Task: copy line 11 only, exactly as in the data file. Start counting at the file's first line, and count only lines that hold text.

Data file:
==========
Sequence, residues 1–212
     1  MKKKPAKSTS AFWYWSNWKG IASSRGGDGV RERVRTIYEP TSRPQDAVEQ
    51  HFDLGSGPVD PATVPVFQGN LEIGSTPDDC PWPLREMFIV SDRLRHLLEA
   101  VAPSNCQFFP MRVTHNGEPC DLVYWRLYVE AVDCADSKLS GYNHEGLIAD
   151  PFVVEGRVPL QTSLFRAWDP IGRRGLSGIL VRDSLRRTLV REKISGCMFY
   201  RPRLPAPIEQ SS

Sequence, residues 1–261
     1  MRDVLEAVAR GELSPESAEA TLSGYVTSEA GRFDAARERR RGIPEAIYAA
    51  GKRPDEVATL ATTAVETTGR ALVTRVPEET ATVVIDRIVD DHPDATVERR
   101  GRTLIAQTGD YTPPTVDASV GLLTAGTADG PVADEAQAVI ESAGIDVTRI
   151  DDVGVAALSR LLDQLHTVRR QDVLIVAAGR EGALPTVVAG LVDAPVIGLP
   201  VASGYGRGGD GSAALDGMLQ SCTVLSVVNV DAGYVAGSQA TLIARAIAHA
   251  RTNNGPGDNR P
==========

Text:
   151  DDVGVAALSR LLDQLHTVRR QDVLIVAAGR EGALPTVVAG LVDAPVIGLP